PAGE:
As part of Love Your Body Week at Saint Mary’s, Emily Raleigh, founder of the online magazine “Smart Girls Group,” shared how the magazine began and why it is important for all girls to be smart girls. Raleigh, a freshman at Fordham University, brainstormed “Smart Girls Group” one year ago when she wrote her younger sister a guide to getting through high school. The guide discussed fashion, peer pressure, classes and social life. “When I was younger, I used to dress up and say, ‘Mommy, do I look like a smart girl?’” Raleigh said. “So, when I was thinking of my sister’s Christmas present my senior year of high school, I really wanted to give her something meaningful and I decided to pull from this idea of being a smart girl. My family then really pushed me to get it published and pursue it.” After Raleigh decided to develop the concept as a magazine, she contacted girls from her community and elsewhere, she said. The group expanded from there. Today, “Smart Girls Group” is published once a month. The organization started college chapters, runs daily blogs and now has more than 150 contributors from 10 countries. “‘Smart Girls Group’ is all about connecting and inspiring girls from all over to be smart girls,” Raleigh said. “We offer a supporting environment that cultivates empowerment within girls.” She said the magazine and overall organization use blogs, articles and personal stories of high school and college women to provide girls with a healthy support network. “What is unique about our group is that all the girls who are writing or contributing to the group are high school- or college-aged,” Raleigh said. “You will not find anyone our moms’ age writing for the magazine and I think that is very important. When girls go on our website and read our magazine, they are hearing from girls going through many of the same experiences as they are.” The magazine covers an array of topics from politics to fashion to relationships, Raleigh said. It also offers advice on how to be a smart girl. She said being a smart girl starts with finding your “I am’s” and using positive language as an essential tool for breaking down barriers. “I think that being a leader and being a smart girl starts with how we speak,” Raleigh said. “When we say things like ‘I can’t,’ we are unconsciously putting up barriers for ourselves. Saying ‘I am’ and using positive language is the first step in being a smart girl.” The next step is finding your smarts, Raleigh said. “‘The Smart Girls Group’ helps you grab your passions,” Raleigh said. “We help you find things that interest you. I always had an interest in girl power and technology, and founding this group has allowed me to bridge those two passions. That is what we would like to do for our smart girls.” Raleigh said once a girl finds her passion, she should determine her goals and make plans. “Ask yourself what can I start doing today? Make sure these goals are something you can control,” Raleigh said. “You do not want to leave your destiny up to somebody else.” Raleigh stressed the importance of independent leadership and surrounding yourself with positive people. “You want to surround yourself by people that lift you up higher,” she said. “This means your friends, boyfriends, whatever. Find people that lift you up.” Raleigh encouraged those in the audience to find their own inner smart girls and set the world on fire. “Take your smarts and your passions to help change a part of the world,” she said. “There are so many ways we can all impact others’ lives in some way. Find your smart girl and set the world on fire.”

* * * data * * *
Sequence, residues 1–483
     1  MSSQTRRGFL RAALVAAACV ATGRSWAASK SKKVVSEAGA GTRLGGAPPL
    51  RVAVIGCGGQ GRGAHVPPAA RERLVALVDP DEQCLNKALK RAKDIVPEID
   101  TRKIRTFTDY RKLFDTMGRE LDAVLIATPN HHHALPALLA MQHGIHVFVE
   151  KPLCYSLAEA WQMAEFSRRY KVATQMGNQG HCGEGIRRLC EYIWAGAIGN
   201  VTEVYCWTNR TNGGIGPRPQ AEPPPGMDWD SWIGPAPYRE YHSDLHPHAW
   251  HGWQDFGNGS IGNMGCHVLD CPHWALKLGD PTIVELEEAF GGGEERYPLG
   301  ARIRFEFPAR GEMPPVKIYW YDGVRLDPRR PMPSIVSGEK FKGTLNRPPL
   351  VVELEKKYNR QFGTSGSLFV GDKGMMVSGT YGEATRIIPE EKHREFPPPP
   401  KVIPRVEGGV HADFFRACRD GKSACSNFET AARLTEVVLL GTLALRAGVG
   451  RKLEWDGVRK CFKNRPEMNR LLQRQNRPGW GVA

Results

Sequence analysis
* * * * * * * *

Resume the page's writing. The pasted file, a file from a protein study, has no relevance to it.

March 2015 was warmer and drier than usual for most of Georgia. While the warmth encouraged rapid growth of planted corn and other crops, cold conditions late in the month may have caused some damage to fruit blossoms. The warm and dry conditions also increased soil moisture shortages across the region. Planting is in high gear across the state. Soil temperatures increased quickly due to the warm and dry conditions, and observers in southern Georgia reported rapid growth in planted corn. However, dry conditions were a concern for some farmers worried about germination. Abnormally dry conditions expanded from 9 to 42 percent of the state over the month, according to the National Drought Monitor. Frost hit the northern half of Georgia late in the month. Some damage to fruit blossoms in bloom at the time was expected to occur, but no estimates of damage were available at the time this report was written. If you have damage to report, please email Pam Knox at email@example.com. The outlook for April shows that warmer- and wetter-than-normal conditions should occur across most of Georgia for at least the first half of the month, with wetter-than-normal conditions expected to continue through June under the influence of the current El Niño. This should help to alleviate current dryness. Warmer-than-normal conditions have a slightly above average chance of occurrence over summer and fall based on long-term trends in temperature. In Atlanta, the monthly average temperature was 57.6 degrees Fahrenheit, 3.3 degrees above normal; in Athens it was 56.8 F, 2.5 degrees above normal; in Columbus it was 60 F, 2.2 degrees above normal; in Macon it was 58.4 F, 1.6 degrees above normal; in Savannah it was 62 F, 2.8 degrees above normal; in Brunswick it was 62 F, 1.7 degrees above normal; in Alma it was 62.1 F, 1.9 degrees above normal; in Augusta it was 58.3 F, 2.4 degrees above normal; in Albany it was 63 F, 3.8 degrees above normal; and in Valdosta it was 64.6 F, 4.5 degrees above normal. In Athens, for most of the month, both maximum and minimum temperatures were above normal values. Athens set a record high of 87 F on March 16, breaking the old record of 85 F set in 2012. Savannah set a record high of 87 F on March 11, surpassing the old record of 85 F set in 1990. Several record highs were also tied during the month. Cold temperatures near the end of the month also set records. On March 29, Macon set a new daily record low of 27 F, breaking the old record of 30 F set in 1966. The highest monthly total precipitation from National Weather Service reporting stations was 3.04 inches in Augusta (1.14 inches below normal) and the lowest was in Savannah at 2.02 inches (1.71 inches below normal). Atlanta received 2.98 inches (1.83 below normal), Athens received 2.79 inches (1.64 below normal), Macon received 2.28 inches (2.27 below normal), Columbus received 2.46 inches (3 below normal), Albany received 2.17 inches (2.88 below normal), Brunswick received 2.37 inches (1.51 below normal), Alma received 2.51 inches (2.24 below normal) and Valdosta received 2.50 inches (2.37 below normal). No daily rainfall records were set in March this year. The highest single-day rainfall, as recorded by Community Collaborative Rain, Hail and Snow Network (CoCoRaHS) stations, was 1.93 inches near Lake Park in Lowndes County on March 23, followed by a Thomas County observer in Thomasville reporting 1.88 inches on the same date. The highest monthly total rainfall was 7.49 inches, observed east of Helen in White County, followed by 5.18 inches measured near Cherry Log in Fannin County and 5.17 inches measured near Ringgold in Catoosa County. Several observers reported a small amount of snow on March 6. In March, there was only one day of severe weather recorded in the state. On the last day of the month, strong winds and scattered hail were observed at a number of locations around the state. This is the first time since official records began in 1950 that there was not a single tornado observed in Georgia in March. For more information, please visit gaclimate.org .